If you have only 40 metres of fencing available, what is the maximum area of land you can fence off?

First Connect Three game for an adult and child. Use the dice numbers and either addition or subtraction to get three numbers in a straight line.

Can you recreate these designs? What are the basic units? What movement is required between each unit? Some elegant use of procedures will help - variables not essential.

A game for 2 people. Take turns placing a counter on the star. You win when you have completed a line of 3 in your colour.

Whenever a monkey has peaches, he always keeps a fraction of them each day, gives the rest away, and then eats one. How long could he make his peaches last for?

Draw some isosceles triangles with an area of $9$cm$^2$ and a vertex at (20,20). If all the vertices must have whole number coordinates, how many is it possible to draw?

Pentagram Pylons - can you elegantly recreate them? Or, the European flag in LOGO - what poses the greater problem?

Just four procedures were used to produce a design. How was it done? Can you be systematic and elegant so that someone can follow your logic?

Use the differences to find the solution to this Sudoku.

Arrange 9 red cubes, 9 blue cubes and 9 yellow cubes into a large 3 by 3 cube. No row or column of cubes must contain two cubes of the same colour.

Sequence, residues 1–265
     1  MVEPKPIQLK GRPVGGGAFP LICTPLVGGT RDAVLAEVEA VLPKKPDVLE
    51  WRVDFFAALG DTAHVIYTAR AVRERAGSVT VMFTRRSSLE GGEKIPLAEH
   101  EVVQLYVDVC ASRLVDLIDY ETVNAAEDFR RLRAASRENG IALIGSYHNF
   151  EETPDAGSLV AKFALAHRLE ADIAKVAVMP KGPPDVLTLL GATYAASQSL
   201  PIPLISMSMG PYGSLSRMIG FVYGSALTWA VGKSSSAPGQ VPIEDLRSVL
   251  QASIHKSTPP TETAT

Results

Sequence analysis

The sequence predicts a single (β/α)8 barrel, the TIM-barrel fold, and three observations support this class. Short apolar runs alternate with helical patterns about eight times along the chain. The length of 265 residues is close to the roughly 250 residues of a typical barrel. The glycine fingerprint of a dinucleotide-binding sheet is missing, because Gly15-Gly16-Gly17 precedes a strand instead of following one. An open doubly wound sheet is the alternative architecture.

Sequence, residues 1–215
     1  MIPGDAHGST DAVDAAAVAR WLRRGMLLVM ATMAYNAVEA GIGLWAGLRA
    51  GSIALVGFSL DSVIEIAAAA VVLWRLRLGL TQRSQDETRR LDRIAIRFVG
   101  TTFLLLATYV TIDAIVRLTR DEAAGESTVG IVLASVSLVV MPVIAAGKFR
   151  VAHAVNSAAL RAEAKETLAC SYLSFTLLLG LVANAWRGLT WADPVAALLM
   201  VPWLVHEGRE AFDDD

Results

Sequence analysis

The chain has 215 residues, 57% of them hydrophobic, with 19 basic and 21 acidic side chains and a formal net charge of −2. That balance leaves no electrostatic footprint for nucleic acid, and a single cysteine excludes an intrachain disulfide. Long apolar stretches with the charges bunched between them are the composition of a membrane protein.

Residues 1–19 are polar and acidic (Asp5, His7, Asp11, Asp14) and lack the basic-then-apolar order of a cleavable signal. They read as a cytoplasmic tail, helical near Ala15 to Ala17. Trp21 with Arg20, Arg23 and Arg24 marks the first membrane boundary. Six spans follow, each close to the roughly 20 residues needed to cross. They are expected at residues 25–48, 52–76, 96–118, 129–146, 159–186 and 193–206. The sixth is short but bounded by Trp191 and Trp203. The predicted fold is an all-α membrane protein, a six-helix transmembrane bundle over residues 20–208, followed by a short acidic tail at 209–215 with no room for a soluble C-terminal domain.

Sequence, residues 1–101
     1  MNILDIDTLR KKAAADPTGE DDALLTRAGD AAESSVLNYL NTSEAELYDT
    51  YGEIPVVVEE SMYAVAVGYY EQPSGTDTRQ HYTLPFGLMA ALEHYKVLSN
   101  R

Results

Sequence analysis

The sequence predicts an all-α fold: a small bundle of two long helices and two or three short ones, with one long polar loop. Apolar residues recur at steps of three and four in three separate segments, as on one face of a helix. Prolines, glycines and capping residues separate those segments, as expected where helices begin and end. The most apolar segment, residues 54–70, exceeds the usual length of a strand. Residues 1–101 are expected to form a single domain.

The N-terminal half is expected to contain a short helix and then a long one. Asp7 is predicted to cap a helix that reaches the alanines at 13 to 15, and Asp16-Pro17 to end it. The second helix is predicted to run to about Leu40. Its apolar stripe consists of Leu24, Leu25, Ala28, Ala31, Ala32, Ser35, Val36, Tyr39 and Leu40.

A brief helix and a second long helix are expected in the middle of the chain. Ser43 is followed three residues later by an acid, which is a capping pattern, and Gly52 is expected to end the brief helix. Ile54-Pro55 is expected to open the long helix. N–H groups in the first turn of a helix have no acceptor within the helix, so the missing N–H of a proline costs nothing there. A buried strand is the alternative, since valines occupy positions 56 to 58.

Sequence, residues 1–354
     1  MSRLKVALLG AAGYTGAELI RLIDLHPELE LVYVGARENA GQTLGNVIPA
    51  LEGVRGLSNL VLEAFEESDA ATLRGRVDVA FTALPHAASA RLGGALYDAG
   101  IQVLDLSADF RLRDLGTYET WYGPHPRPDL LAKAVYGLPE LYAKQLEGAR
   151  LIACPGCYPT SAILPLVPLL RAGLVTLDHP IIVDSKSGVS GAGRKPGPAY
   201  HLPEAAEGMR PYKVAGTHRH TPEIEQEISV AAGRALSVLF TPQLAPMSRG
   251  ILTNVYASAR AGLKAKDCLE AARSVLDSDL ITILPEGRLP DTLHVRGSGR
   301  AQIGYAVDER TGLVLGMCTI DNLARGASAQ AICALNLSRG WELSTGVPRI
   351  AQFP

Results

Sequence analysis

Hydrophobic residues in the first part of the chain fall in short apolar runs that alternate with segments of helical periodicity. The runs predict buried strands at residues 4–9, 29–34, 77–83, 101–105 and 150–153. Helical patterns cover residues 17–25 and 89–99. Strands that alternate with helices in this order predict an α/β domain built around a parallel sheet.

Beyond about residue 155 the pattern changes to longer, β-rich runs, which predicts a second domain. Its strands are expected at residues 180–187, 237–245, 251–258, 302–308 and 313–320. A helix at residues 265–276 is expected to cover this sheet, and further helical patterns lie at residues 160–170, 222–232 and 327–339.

Time for a little mathemagic! Choose any five cards from a pack and show four of them to your partner. How can they work out the fifth?

Use the interactivity to play two of the bells in a pattern. How do you know when it is your turn to ring, and how do you know which bell to ring?

A mathematician goes into a supermarket and buys four items. Using a calculator she multiplies the cost instead of adding them. How can her answer be the same as the total at the till?

This sudoku requires you to have "double vision" - two Sudoku's for the price of one

60 pieces and a challenge. What can you make and how many of the pieces can you use creating skeleton polyhedra?

This pair of linked Sudokus matches letters with numbers and hides a seasonal greeting. Can you find it?

A cinema has 100 seats. Show how it is possible to sell exactly 100 tickets and take exactly £100 if the prices are £10 for adults, 50p for pensioners and 10p for children.

Four small numbers give the clue to the contents of the four surrounding cells.

Find out about Magic Squares in this article written for students. Why are they magic?!

This package contains a collection of problems from the NRICH website that could be suitable for students who have a good understanding of Factors and Multiples and who feel ready to take on some. . . .

The puzzle can be solved with the help of small clue-numbers which are either placed on the border lines between selected pairs of neighbouring squares of the grid or placed after slash marks on. . . .

An extra constraint means this Sudoku requires you to think in diagonals as well as horizontal and vertical lines and boxes of nine.

This cube has ink on each face which leaves marks on paper as it is rolled. Can you work out what is on each face and the route it has taken?

You have twelve weights, one of which is different from the rest. Using just 3 weighings, can you identify which weight is the odd one out, and whether it is heavier or lighter than the rest?